More heat, more smoke, more fruitiness…when red
Fresno pepper fast facts:
- Scoville heat units (SHU): 2,500 – 10,000 SHU
- Median heat: 6,250 SHU
- Origin: United States
- Capsicum species: Annuum
- Jalapeño reference scale: Equal heat (with the chance of slightly hotter)
- Use: Culinary
- Size: Approximately 2 to 3 inches long, slightly curved
- Flavor: Sweet, Fruity, Smoky
It looks like a jalapeño and even tastes like a jalapeño, but the Fresno pepper has a few tricks up its sleeve that makes it a very popular chili in its own right. It delivers a slightly spicier kick, like a mild serrano chili, and in its mature red form, the Fresno pepper has a fruitier, smokier taste. This is a favorite for foodies looking for a twist on the norm.
So how do you tell the difference between a jalapeño and a Fresno pepper?
Not easily. These two chilies are in fact often confused for each other. They both share similar size traits – two to three inches long, slightly curved, and smooth skin. They both mature from green to a fiery red. As green chilies, they even share very similar tastes. It’s easy to see why even supermarkets mislabel Fresno peppers as jalapeños.
Where the differences lie is the thickness of the walls, the taste as a mature red chili, and the overall heat:
- Fresno peppers have thinner walls which make them more conducive to drying. They can be stuffed, but the jalapeño, with its thicker walls, is better for that use case.
- The Fresno gains a smokier, fruitier taste than a jalapeño as it matures to its red hue. Many, in fact, prefer the more complex flavors of the Fresno over the jalapeño, especially those that love to experiment in the kitchen.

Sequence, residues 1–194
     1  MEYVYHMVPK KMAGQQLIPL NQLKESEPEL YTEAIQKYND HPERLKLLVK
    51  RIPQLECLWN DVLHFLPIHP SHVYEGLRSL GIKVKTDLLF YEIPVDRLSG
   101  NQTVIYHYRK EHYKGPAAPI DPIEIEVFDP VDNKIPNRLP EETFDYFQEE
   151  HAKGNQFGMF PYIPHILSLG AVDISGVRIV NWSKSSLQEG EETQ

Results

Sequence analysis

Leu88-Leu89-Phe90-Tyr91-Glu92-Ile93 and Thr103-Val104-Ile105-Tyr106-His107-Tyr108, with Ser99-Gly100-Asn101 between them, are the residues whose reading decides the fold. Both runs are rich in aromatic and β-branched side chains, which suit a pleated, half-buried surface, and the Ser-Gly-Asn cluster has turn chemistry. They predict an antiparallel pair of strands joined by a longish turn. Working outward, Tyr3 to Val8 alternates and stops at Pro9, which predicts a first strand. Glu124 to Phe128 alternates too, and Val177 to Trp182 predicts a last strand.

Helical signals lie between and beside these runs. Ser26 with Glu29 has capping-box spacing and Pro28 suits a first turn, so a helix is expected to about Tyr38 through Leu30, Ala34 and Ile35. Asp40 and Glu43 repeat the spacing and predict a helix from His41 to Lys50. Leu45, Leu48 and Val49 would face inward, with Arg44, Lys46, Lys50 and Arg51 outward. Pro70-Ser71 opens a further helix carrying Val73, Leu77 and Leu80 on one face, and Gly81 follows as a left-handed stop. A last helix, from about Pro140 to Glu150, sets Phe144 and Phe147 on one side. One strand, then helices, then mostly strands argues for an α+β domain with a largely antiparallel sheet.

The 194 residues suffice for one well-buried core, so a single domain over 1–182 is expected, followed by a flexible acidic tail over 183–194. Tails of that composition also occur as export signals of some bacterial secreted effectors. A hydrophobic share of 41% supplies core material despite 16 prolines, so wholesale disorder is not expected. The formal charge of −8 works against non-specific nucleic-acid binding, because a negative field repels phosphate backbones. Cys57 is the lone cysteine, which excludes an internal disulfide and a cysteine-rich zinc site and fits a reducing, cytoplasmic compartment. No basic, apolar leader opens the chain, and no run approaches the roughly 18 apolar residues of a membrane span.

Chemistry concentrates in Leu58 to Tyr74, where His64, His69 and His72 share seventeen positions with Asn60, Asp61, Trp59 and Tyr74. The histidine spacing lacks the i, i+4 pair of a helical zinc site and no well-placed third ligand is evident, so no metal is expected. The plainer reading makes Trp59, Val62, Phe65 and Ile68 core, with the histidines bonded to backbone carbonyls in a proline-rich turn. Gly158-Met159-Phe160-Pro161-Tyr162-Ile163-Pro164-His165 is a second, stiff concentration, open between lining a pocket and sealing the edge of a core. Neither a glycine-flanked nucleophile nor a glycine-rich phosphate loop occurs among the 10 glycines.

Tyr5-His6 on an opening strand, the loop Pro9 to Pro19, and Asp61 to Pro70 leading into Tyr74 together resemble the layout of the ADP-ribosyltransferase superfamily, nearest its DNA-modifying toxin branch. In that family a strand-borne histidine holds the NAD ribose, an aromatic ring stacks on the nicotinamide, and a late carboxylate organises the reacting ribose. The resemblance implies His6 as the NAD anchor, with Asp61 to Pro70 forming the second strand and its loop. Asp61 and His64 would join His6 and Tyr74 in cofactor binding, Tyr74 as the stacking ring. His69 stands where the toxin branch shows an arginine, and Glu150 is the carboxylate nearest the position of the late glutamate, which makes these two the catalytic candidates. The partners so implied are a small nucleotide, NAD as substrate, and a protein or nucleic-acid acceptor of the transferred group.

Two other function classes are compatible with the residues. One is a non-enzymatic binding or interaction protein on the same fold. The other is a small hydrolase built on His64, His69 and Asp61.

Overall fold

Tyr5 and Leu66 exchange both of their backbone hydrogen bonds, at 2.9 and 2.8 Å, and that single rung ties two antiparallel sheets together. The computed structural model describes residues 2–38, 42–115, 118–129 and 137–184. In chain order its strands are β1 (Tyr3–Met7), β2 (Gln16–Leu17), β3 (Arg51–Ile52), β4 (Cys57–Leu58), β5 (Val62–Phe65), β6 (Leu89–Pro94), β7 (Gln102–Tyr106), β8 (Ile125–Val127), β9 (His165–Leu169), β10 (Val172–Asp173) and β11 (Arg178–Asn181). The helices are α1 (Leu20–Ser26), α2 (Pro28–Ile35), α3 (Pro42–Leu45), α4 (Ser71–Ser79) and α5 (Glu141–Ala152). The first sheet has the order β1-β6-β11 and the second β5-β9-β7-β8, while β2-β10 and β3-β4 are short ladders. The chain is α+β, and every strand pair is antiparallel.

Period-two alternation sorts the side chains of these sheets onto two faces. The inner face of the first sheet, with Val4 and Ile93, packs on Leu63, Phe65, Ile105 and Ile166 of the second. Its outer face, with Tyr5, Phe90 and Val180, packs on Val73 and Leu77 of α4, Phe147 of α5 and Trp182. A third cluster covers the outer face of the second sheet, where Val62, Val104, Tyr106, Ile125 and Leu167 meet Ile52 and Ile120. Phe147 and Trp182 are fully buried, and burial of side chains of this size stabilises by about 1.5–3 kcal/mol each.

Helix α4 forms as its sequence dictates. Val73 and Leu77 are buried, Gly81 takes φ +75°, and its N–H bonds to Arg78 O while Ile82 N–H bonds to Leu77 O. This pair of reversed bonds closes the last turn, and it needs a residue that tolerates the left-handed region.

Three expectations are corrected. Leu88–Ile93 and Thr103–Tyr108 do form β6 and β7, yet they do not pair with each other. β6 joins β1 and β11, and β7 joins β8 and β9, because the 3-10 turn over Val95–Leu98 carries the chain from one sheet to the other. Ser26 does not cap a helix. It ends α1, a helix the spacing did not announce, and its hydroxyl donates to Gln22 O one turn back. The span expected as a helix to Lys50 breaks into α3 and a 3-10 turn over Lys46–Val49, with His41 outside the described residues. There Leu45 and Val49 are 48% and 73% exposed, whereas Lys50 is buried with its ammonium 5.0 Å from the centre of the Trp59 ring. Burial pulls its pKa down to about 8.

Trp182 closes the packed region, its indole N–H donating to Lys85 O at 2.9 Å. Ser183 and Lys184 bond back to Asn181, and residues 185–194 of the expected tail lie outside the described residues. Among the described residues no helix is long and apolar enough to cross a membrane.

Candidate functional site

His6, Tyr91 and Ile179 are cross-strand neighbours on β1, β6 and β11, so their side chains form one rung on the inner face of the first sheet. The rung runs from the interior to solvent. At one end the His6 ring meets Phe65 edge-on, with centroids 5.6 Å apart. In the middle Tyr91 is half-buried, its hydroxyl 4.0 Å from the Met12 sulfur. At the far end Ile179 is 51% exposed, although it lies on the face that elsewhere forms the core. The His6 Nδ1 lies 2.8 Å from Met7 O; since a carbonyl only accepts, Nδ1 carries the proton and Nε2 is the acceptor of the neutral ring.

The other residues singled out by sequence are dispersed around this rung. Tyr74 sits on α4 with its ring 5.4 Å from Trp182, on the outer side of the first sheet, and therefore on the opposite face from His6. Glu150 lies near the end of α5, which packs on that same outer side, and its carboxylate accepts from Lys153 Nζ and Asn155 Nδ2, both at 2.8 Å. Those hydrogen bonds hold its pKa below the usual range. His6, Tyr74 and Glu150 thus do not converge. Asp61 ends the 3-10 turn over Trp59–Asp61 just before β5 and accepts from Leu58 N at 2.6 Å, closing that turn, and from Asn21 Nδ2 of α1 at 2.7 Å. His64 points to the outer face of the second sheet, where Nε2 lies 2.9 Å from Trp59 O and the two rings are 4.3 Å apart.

- Both peppers have a similar heat level, but the Fresno kicks it up a notch as it ages.
How hot are we talking? How hot is a Fresno pepper?
On the Scoville scale, the Fresno chili ranges from 2,500 to 10,000 Scoville heat units. That again closely mirrors the jalapeño, but it can range closer to a mild serrano pepper in overall heat in its mature red form. Overall: this is a heat level that’s very kitchen-friendly, on the milder side of medium compared to other chilies.
Where did the name come from?
Fresno chilies were first cultivated in 1952 by Clarence Brown Hamlin, and he named the chili after Fresno, California. The Fresno is still widely grown in California.
What can you make with Fresno peppers?
Let’s first say that any recipe that calls for a jalapeño or serrano pepper is fair game for a Fresno pepper. They are terrific in salsas, hot sauces, and ceviche, and they stuff decently well too. Pickled Fresno chilies are loved by many, and cutting them fresh into rings for sandwiches and burgers (like the jalapeño) is very popular too.
The more complex flavors of the red Fresno compared to the jalapeño has made this a chili loved by foodies and gourmet restaurants. It’s a chili that’s ripe for culinary experimentation.
Where can you buy Fresno chilies?
You can find them fresh in supermarkets and farmer’s markets, especially on the west coast of the United States. They can be mislabeled as jalapeños, and, as mentioned, it’s tough to tell the difference when standing in the store. Online it’s easy to find Fresno pepper seeds and red Fresno hot sauces, among other jarred and bottled Fresno-based condiments.
The Fresno pepper may not be as widely available as the jalapeño, but if you do come across them in their mature red form, it’s well worth giving them a try. You may enjoy the uptick in spice and fruitier flavor. In fact, if you’re like many, it may be hard to go back to the jalapeño as your kitchen staple chili once you’ve tried the Fresno.